Home » Ruple Properties Team Meets Macy Ledbetter

Ruple Properties Team Meets Macy Ledbetter

Kyle W. M. Graham, Agent, August 24, 2017

Earlier this month the Ruple Properties Team spent the morning on the Ruple’s Davis Switch Ranch near Charlotte, TX with renowned Texas Wildlife Biologist, Macy Ledbetter.

The intent of the time was to get the Ruple Properties team together to expand our wildlife management knowledge in the field, with the goal of better serving our clients.  And, we were NOT disappointed.  Discussion points included plant identification, brush management, tank/lake management, wildlife stocking rates, and other ranch management topics, which you can view publisher site, as we traveled the property. Becoming an Estate Agent has become very interesting process, but in the end, people have become very happy in becoming an agent and managing all types of properties. In partnership with the residential loans gilbert az for faster transaction of our clients.

The biggest takeaways included discussions on Edge Effect, Sendero Width, Competition, and the State of TX Wildlife Exemption Program.


In this initial picture you can see a water source behind Macy Ledbetter which was installed near a deer blind and food plot.  Macy stopped our tour to discuss the edge effect.  In this case, deer can casually get to the water source and then move back to the edge of the brush for safety as needed.  Essentially, a positive example of ranch management allowing a land owner to more easily manage a deer herd and predators.


Related to edge effect, the width of senderos on a ranch can provide safety or add stress for non-predators.  Wider senderos allow animals to travel ranches with less stress because predators waiting in the brush have farther to travel in order to reach their prey.  As a contrast, narrow senderos typically lead to nervous deer which does not provide as much time to judge, score, or age a buck before making an informed decision whether or not to harvest.   Also, narrow senderos begin to creep over years of growth which limits sunlight and impacts grass growth in the Sendero.  The picture to the right showcases brush creep on a narrow sendero.  Bottom line, wider senderos allow the landowner to make better and more informed ranch management decisions.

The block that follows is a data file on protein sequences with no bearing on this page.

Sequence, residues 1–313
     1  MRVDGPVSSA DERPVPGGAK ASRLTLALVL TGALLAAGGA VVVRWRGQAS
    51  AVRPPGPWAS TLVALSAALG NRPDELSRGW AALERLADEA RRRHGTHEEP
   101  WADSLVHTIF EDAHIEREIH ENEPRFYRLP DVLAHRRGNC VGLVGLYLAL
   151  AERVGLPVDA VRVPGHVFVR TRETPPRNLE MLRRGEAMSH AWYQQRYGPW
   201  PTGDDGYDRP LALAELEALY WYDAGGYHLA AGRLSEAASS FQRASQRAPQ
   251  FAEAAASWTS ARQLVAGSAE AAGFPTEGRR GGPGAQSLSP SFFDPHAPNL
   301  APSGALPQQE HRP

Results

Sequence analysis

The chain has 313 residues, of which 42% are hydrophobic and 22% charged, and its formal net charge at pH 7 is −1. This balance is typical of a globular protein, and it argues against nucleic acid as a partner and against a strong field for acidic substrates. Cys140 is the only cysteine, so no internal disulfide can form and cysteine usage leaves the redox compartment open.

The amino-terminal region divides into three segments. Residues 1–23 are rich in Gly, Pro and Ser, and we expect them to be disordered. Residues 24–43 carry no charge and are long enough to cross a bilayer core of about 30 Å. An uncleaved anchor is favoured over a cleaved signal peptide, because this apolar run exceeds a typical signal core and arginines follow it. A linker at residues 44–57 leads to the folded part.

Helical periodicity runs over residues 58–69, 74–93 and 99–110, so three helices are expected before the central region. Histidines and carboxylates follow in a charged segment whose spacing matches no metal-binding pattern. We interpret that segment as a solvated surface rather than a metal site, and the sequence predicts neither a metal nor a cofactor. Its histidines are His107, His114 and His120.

A common theme while we moved around the ranch was competition.  Competition impacts all parts of a ranch including land animals, plants, and fish.  A key component of ranch management is tipping the scales of competition in favor of the ranch management goal.  All land owners need to understand and plan for the goal of their ranch.  Without a ranch management goal, the land owner is making short term, uneducated, and potentially costly decisions.


In the foreground of this picture you can see a dam covered with various types of growth.  Over time the roots of the large plants/tress will ruin a good dam.  In this case, a yearly cleaning of the dam is a small expense that avoids a large expense years down the road related to the cost of repairing a damaged dam.  Ideally, grass is all you want growing on your dam.


Approved in the State of TX in the mid-1990s, the land owner must meet at least three of the following seven wildlife management practices: habitat control, erosion control, predator control, providing supplemental supplies of water, providing supplemental supplies of food, providing shelters, and making census counts to determine population.  Due to details of the program, Ruple Properties strongly recommends engaging an expert in order to determine if your property is ideal for a Wildlife Exemption.  Our recommendation is Macy Ledbetter with Spring Creek Outdoors.

More about Macy Ledbetter

Macy is a professional wildlife biologist and ranch real estate consultant specializing in Texas wildlife and habitat management.  With twenty-five years of successful professional management experience on both private and public lands, he offers a wealth of knowledge and skills to assist with your ranch and wildlife needs.  See more information at www.springcreekoutdoors.com.   He can be reached at macy.ledbetter@gmail.com or 361-449-6376.

From the whole family at Ruple Properties, do not hesitate to reach out if we can help with any of your ranch, farm, or land needs!

Buy Land. Live Well.


Written by Kyle W. M. Graham, Agent with Ruple Properties.  Kyle can be reached or followed as follows:



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Thanks and credit to Macy Ledbetter and www.springcreekoutdoors.com for much of the content in this blog post.  In addition, information found at https://tpwd.texas.gov/landwater/land/private/agricultural_land/.